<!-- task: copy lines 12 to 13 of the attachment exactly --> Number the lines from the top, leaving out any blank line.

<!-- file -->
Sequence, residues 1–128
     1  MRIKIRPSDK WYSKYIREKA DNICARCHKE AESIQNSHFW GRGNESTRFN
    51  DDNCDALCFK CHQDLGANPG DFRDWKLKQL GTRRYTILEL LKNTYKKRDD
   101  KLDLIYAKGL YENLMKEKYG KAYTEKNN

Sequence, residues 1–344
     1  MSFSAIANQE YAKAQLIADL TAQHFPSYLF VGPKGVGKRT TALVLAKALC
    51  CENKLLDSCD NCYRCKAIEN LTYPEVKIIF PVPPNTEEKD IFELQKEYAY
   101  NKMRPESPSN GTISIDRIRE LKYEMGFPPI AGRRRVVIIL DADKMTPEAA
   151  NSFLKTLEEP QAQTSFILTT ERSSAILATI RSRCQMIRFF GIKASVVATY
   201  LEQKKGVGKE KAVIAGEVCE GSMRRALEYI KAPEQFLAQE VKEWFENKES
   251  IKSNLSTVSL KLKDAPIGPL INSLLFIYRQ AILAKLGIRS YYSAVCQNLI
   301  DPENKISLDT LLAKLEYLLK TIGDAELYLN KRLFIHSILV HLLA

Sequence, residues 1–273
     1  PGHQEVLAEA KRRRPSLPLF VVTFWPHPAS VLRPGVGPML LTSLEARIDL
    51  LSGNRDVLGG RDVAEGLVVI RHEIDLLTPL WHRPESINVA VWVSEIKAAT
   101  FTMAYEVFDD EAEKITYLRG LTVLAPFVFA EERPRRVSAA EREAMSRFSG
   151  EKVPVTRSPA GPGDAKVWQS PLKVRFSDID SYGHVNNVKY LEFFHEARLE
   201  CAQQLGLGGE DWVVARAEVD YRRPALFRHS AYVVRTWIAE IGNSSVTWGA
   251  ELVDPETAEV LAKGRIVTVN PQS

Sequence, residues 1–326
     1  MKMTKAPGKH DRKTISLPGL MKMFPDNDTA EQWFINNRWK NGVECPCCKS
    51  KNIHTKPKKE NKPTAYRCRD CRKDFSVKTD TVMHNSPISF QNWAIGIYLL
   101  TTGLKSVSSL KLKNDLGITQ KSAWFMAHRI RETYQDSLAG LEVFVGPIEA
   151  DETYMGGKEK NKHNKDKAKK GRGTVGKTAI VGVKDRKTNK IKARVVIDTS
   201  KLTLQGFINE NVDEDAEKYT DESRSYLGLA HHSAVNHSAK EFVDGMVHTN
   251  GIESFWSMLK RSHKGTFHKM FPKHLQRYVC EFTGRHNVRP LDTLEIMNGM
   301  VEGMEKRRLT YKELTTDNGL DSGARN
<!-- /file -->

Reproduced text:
   301  DPENKISLDT LLAKLEYLLK TIGDAELYLN KRLFIHSILV HLLA

Sequence, residues 1–273